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Humboldt-Universität zu Berlin - Mathematisch-Naturwissenschaftliche Fakultät - Visual Computing

Detection of Face Morphing Attacks

Identification tasks with identity cards, passports and visa are often performed automatically by biometric face recognition systems. Criminals can trick these systems, such that two people can use the same passport for authentication. This attack (morphing attack) is performed by fusing two face images to a synthetic face image that contains characteristics of both people. Using this image on a passport, both people are authenticated by a biometric face recognition system.


Illustration of a face morphing attack (left and right: source images, center: morphing attack).


To generate a face morph, we align two face images, such that each facial feature (e.g. left corner of the right eye) is at the same position in both images. Since the haircut and the ears are difficult or even impossible to align and usually ignored by commercial facial recognition systems, we blend only the face region and stitch it into one of the aligned input images. The transitions are calculated individually for different frequency bands and an optimal stitch line is estimated.

In order to decide whether a face image is authentic or crated by a morphing algorithm, we trained deep convolutional neural networks on morphed and original face images. Since we focus on semantic image content, like highlights in the eyes or the shape and appearance of facial features to determine the authenticity of a face image, we applied several preprocessing steps on our training data to remove sensor or camera specific information. In addition to a decision about the authenticity of an image, we are also interested in a reason for decision. For this purpose, we analyze the regions in the face image that were relevant for the networks decision using the LRP Toolbox. This might also be useful when involving humans to the decision making. It helps to find suspicious regions in a face image that needs to be checked by a human as well as it helps to identify and classify artefacts that were created during a morphing process so that experts can be trained to identify them.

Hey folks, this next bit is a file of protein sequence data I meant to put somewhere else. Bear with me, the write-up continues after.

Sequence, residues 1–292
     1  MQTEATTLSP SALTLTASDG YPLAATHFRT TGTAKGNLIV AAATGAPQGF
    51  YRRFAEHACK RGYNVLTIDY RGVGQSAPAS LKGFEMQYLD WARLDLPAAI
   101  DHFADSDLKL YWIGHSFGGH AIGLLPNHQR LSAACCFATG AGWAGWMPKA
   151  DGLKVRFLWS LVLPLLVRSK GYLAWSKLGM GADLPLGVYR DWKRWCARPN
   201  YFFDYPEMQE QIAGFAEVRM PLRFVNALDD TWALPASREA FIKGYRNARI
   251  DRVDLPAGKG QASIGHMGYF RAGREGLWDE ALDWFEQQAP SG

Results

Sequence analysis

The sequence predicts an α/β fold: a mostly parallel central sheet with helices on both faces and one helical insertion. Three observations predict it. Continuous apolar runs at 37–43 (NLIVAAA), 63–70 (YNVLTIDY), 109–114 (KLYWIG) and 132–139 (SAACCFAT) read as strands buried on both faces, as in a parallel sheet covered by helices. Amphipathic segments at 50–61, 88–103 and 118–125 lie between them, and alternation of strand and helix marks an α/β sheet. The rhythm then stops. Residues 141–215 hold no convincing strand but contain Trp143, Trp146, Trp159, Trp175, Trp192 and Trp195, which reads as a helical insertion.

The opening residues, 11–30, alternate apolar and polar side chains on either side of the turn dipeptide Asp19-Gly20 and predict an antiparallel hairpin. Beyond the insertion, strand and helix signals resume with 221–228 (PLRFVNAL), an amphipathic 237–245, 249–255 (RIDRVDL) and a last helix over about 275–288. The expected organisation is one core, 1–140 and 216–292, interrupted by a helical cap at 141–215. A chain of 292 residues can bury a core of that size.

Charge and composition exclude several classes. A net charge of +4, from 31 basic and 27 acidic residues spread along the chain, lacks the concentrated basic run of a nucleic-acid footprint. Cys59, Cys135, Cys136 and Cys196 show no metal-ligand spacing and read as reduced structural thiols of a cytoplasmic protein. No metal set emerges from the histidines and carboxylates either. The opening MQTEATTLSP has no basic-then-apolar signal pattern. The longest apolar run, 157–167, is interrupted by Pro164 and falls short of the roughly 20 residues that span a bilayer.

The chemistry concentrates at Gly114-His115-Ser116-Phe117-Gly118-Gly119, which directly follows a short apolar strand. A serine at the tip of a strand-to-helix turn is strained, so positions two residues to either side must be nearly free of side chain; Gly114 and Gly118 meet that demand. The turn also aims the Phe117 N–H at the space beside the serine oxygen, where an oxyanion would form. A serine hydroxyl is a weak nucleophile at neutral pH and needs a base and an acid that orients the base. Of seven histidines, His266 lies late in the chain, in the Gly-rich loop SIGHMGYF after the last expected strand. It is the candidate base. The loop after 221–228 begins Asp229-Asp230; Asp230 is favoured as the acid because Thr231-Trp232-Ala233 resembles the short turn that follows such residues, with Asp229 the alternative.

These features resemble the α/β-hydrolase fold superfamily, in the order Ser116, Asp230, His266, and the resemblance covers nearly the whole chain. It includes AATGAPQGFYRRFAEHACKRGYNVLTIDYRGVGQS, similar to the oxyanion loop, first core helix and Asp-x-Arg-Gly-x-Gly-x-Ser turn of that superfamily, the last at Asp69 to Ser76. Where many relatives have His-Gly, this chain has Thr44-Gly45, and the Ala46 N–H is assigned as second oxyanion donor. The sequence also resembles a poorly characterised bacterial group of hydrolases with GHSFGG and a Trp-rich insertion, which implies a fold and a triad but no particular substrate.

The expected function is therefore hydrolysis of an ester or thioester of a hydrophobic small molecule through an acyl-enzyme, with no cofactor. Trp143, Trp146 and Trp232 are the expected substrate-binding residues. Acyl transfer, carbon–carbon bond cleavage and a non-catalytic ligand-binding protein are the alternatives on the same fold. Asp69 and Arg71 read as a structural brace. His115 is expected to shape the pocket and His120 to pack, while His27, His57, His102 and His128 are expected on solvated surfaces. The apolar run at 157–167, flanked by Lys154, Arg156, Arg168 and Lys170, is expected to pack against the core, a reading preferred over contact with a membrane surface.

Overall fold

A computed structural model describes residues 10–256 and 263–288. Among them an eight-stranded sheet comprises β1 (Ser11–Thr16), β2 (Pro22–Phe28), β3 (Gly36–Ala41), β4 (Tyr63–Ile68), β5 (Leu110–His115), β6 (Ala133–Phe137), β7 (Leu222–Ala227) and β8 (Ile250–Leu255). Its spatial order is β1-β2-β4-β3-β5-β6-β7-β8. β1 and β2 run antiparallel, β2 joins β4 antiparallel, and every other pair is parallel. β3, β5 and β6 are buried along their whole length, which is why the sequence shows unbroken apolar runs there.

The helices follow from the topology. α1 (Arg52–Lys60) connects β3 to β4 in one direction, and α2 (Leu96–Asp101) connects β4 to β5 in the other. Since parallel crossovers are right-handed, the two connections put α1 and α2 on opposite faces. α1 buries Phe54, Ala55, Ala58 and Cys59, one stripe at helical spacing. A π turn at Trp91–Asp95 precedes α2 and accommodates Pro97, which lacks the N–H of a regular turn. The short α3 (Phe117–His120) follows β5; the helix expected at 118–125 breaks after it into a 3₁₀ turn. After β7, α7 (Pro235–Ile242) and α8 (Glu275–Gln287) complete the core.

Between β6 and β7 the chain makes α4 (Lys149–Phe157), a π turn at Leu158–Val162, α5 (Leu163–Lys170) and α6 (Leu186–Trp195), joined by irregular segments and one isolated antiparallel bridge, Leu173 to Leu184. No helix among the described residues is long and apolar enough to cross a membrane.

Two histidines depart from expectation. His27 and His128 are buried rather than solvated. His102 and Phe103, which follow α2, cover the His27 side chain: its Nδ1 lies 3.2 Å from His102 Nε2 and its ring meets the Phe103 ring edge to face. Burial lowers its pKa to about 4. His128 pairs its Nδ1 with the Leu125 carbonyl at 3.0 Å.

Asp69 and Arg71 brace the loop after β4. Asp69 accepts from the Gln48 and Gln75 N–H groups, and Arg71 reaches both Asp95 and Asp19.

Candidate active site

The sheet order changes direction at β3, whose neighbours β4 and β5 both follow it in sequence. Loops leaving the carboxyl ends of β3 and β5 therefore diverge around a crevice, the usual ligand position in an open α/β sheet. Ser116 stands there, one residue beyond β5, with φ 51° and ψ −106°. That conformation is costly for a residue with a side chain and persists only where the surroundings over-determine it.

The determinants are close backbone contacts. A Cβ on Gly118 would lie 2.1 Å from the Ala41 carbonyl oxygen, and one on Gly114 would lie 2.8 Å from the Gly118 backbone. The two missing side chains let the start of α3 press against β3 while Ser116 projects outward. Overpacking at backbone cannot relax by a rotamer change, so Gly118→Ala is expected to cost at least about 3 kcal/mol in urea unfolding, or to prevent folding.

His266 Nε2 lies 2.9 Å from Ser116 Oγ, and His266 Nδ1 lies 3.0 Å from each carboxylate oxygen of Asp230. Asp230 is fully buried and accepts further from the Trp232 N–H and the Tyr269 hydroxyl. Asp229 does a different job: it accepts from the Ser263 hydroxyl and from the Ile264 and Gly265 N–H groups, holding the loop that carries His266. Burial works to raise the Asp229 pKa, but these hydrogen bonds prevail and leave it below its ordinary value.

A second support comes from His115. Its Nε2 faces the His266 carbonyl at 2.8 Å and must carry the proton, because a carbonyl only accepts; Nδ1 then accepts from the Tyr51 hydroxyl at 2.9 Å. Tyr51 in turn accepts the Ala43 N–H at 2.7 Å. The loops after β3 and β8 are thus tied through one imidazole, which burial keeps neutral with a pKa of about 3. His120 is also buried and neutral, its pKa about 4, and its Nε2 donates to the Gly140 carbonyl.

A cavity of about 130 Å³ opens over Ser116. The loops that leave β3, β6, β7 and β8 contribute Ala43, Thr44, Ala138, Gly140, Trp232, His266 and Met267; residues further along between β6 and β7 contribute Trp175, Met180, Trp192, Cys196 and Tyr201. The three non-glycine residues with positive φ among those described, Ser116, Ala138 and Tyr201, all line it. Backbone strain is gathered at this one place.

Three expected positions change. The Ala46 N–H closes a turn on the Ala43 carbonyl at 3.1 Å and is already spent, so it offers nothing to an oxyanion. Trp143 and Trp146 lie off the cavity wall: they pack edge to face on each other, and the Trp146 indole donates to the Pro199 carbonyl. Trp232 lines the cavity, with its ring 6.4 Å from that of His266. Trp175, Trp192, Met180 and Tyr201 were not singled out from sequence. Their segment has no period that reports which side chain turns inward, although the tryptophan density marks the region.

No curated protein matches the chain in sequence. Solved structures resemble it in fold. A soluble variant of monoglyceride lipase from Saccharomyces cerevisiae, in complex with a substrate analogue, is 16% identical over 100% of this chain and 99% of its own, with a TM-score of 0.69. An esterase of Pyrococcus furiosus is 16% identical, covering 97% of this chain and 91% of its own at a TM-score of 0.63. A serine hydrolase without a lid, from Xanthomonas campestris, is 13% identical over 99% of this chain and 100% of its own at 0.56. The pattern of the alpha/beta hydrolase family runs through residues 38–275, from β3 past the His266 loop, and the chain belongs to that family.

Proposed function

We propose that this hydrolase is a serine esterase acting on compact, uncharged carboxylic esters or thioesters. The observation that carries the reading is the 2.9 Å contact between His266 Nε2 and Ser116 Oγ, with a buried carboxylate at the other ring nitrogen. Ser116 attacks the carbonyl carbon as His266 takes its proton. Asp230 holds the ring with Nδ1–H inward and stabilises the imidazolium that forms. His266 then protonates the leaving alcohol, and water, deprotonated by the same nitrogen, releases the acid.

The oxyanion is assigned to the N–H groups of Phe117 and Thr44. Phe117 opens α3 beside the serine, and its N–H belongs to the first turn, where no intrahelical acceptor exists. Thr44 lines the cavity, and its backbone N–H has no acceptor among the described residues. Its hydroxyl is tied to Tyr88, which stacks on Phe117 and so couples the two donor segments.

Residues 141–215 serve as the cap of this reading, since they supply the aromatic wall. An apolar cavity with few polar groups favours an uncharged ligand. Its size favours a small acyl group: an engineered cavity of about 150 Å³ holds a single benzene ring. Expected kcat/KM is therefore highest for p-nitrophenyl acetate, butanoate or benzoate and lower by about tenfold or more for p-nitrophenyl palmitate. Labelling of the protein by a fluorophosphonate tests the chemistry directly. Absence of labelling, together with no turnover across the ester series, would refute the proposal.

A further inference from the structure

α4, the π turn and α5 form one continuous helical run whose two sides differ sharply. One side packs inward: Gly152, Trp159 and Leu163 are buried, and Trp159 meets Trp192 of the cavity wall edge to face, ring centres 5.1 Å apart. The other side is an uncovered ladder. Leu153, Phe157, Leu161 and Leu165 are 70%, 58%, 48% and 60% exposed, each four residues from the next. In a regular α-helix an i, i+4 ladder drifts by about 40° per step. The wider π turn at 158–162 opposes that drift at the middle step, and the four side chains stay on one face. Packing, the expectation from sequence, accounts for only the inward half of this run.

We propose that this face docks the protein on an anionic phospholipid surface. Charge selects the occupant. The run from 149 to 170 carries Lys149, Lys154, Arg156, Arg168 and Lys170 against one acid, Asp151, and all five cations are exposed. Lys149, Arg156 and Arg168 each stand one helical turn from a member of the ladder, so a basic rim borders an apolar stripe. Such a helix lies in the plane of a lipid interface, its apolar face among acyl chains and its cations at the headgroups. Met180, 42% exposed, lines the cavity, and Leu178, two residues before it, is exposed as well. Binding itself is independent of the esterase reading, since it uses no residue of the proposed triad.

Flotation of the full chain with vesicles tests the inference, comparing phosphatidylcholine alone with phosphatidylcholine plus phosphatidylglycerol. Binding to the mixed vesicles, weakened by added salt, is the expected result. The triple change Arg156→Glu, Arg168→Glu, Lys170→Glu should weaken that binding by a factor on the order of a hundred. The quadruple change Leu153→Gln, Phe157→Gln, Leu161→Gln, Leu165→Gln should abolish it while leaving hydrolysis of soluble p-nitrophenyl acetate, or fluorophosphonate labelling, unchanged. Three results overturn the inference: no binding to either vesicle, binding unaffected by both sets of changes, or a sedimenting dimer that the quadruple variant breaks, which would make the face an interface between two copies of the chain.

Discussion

Results of a Layer-wise Relevance Propagation (LRP) algorithm on face morphs. Booth face morphs were correctly classified as morphs by a neutral network. The regions that were relevant for this decision are highlighted.



C. Seibold, W. Samek, A. Hilsmann, P. Eisert
Detection of Face Morphing Attacks by Deep Learning, Proc. 16th Int. Workshop on Digital Forensics and Watermarking (IWDW2017), Magdeburg, Germany, August 2017.

S. Lapuschkin, A. Binder, G. Montavon, K.R. Müller, W. Samek
Analyzing classifiers: Fisher vectors and deep neural networks, Proc. Conf. on Computer Vision and Pattern Recognition (CVPR), 2016.